Many pundits out there tweeting and blogging about this new Brookings report are the same pundits who continue to argue that value-added ratings should constitute as much as 50% of teacher evaluation – and that somehow this new Brookings report validates their claim. I don’t see where the Brookings report goes anywhere near that far.
To those viewing the Brookings report in that light, implicit in the “other sectors do it” argument is that the SAT and mortality rates are considered major factors for evaluating students for admission or for evaluating hospital quality. Are they really? In an era where more and more colleges are making the SAT optional, how many are using it as 50% of admissions criteria? Yes, most highly selective colleges do still require the SAT, and it no doubt serves as a tipping factor on admissions decisions (largely out of convenience when taking the first cut at a large applicant pool). But, several have abandoned use of SAT altogether (http://www.fairtest.org/university/optional), perhaps because it is perceived to be such a weak signal – or because of all of the perverse incentives and inequities associated with the SAT. Would anyone seriously consider using patient mortality rates alone as 50% of the value for rating hospital quality – determining hospital closures?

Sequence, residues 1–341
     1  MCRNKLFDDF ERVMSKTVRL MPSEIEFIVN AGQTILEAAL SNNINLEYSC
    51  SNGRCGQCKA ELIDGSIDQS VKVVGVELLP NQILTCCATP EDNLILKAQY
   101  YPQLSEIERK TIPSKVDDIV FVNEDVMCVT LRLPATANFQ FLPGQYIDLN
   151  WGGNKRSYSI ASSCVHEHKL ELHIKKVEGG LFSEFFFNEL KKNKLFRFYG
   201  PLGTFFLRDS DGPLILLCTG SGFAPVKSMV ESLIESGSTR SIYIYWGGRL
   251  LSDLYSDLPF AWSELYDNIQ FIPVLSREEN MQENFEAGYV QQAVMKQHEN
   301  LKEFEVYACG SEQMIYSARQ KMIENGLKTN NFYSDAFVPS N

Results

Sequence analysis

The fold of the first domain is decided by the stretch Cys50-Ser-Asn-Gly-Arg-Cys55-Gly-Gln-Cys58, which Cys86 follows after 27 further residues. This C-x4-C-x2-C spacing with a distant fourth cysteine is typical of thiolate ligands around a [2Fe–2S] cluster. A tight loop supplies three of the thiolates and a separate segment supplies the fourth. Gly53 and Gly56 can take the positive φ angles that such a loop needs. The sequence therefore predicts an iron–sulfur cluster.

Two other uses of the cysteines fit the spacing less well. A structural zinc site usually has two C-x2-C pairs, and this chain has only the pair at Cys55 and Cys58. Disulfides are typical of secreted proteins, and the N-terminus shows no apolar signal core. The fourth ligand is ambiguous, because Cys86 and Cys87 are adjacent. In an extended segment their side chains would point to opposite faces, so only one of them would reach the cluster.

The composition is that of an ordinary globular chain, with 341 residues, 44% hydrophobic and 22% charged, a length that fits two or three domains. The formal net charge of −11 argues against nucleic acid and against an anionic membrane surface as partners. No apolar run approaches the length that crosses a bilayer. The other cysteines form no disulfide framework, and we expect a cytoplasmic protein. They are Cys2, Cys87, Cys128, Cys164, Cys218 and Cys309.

Friday, November 19, 2010
Academic Advocates and Critics of Value-Added Aren't That Far Apart (Compared to Politicians)
Posted by Tom Hoffman at 10:38 AM
Subscribe to: Post Comments (Atom)
Post a Comment